As I mentioned earlier, this could have been the film that ushered in a new golden age of Mormon Cinema. A golden age that never really happened. Up to this point, the Mormon movies consisted of The Singles Ward or the RM, films that were so over the top and exaggerated, they were almost unwatchable. Yes, you might laugh at yourself the first time you see the films, but if you watch the movies again, they’re just bad.
Or there were the actual Church films like Legacy, which were great when your seminary teacher decided to show them in class, but they were also church movies. They weren’t bad for what they were, but they didn’t show in theaters or anything like that.
Napoleon was different. It was a Mormon made movie, that wasn’t over the top or in your face about it. The signs are there. The language is minimal, it’s free of overly sexual themes, there’s no gratuitous violence. It’s clean and appropriate for all ages and all audiences. But you don’t feel like it is. If that makes sense. It sneaks that cleanliness in, and tricks audiences into enjoying a wholesome film, that they think is hip and cool.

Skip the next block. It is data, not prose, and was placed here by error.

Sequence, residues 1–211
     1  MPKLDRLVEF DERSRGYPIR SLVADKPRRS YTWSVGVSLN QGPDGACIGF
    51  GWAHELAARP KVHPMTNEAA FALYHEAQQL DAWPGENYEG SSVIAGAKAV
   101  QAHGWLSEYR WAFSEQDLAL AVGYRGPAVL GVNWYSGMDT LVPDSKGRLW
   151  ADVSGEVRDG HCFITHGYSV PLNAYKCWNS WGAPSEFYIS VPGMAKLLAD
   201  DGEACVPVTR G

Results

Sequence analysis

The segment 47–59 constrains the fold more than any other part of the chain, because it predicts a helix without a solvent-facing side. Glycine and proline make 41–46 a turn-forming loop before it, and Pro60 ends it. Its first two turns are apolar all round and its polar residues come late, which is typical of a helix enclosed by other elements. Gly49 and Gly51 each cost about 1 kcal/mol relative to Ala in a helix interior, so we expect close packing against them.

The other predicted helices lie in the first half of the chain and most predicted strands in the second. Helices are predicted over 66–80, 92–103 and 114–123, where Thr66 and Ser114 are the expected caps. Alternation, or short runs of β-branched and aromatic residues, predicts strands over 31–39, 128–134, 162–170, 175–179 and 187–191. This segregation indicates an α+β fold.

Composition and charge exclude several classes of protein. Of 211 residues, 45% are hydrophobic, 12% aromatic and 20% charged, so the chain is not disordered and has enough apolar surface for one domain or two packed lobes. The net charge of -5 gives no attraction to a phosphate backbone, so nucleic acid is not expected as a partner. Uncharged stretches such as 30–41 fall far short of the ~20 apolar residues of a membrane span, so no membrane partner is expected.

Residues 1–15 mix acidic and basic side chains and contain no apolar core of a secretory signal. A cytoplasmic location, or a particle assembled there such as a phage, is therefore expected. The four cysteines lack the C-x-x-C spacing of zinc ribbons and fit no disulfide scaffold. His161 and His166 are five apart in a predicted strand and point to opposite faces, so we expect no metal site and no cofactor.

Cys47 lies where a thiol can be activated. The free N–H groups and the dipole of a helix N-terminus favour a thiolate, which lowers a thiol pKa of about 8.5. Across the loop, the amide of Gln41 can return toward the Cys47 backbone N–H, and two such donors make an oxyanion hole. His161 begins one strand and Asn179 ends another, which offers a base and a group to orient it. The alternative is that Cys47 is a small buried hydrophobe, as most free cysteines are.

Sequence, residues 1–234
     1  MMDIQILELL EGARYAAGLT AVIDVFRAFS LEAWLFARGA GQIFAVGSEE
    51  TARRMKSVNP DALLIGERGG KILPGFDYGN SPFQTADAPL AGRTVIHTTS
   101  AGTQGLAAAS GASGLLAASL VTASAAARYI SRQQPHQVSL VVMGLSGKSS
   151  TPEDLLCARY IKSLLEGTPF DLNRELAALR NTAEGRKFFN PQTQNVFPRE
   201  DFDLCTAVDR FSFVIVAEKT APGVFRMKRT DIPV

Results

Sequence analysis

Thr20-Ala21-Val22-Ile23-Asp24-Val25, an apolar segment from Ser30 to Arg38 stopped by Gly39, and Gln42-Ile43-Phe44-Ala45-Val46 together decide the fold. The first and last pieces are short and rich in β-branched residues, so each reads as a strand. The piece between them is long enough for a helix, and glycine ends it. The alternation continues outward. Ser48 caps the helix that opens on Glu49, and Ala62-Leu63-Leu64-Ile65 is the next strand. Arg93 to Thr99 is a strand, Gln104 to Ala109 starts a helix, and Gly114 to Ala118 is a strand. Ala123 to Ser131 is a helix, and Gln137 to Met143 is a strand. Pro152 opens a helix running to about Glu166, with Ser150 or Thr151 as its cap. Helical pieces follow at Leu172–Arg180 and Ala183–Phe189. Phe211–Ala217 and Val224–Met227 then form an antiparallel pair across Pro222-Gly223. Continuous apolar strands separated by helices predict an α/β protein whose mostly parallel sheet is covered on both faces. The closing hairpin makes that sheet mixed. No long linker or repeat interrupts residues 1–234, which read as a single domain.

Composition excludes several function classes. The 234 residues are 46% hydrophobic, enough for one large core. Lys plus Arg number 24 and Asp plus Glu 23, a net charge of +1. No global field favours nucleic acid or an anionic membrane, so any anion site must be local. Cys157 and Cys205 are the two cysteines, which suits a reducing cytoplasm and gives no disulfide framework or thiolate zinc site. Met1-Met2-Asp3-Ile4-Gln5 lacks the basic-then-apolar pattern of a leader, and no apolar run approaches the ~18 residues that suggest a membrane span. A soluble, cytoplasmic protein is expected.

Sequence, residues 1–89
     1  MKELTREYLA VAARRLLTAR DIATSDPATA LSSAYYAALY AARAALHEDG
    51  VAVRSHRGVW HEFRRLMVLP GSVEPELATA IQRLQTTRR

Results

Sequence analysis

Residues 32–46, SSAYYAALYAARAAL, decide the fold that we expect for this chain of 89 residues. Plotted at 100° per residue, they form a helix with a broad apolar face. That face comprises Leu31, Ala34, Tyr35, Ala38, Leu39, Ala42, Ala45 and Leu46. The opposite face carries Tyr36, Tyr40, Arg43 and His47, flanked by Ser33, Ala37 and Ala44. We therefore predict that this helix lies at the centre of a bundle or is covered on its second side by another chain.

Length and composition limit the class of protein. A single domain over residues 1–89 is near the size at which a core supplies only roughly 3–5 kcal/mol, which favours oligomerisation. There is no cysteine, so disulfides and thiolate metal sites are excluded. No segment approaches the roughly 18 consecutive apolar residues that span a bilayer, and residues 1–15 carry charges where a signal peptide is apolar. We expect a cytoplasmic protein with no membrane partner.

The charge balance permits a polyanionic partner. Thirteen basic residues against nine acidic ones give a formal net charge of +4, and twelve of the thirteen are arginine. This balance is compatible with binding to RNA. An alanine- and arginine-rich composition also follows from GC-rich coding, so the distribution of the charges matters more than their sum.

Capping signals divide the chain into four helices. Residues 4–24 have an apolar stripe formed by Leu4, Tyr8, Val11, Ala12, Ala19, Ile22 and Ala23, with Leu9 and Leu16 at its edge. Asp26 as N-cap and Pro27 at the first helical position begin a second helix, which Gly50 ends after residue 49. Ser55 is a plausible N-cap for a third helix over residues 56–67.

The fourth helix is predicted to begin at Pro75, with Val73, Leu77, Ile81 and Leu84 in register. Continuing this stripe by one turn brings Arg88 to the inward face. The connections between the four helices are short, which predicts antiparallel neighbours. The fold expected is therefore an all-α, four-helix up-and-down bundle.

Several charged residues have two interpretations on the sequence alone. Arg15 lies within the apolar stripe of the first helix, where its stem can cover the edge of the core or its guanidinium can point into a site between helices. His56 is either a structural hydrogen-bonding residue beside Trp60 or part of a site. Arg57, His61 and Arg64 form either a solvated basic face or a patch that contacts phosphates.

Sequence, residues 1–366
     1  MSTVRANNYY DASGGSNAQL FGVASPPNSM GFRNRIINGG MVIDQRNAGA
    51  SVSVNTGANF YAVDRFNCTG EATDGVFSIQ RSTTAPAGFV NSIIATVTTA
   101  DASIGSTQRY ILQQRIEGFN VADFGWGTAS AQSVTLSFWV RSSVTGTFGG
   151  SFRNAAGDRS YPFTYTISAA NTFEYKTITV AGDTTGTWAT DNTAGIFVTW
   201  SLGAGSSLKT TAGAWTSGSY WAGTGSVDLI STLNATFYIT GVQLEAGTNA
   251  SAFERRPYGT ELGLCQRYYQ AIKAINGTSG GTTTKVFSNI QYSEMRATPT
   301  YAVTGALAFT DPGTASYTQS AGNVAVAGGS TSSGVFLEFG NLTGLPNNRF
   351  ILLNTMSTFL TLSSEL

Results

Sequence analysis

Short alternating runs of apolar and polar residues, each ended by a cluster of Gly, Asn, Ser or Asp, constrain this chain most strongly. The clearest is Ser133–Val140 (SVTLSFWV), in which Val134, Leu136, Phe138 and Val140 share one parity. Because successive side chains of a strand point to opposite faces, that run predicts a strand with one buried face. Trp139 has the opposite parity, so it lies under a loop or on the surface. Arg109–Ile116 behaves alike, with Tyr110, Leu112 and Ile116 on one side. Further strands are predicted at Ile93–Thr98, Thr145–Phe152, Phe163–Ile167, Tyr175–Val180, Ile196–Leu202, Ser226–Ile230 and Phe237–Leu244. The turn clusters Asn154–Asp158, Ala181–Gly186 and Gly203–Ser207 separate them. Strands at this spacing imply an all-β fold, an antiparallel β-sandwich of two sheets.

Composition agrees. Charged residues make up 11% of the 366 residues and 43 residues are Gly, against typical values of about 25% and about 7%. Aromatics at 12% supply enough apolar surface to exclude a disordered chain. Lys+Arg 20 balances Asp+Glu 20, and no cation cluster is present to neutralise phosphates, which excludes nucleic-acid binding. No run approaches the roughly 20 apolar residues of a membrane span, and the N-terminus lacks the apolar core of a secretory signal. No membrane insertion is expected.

This is what Mormon made films could have become, but unfortunately, this, and to a lesser degree, Nacho Libre, were all we got. It’s really too bad. There are plenty of Mormons making films out there, or involved in the filmmaking process. But it is rare to see a film like Napoleon Dynamite that scores big with the mainstream audience, but is still completely appropriate. That’s what this film did.
This movie is in my top ten, so obviously, I liked it a lot. It would be hard for me to give any of the films on my top ten anything less than five Beardies because I love them so much. Part of that is nostalgia, and I can also admit that it is almost impossible for me to be objective about these films in any way. I know that, so take my ranking for what it’s worth. This film is fun, it’s one I can watch over and over again. It’s one I have shown my kids and they love it. It has held up well over the last 14 years, and i think that is pretty impressive.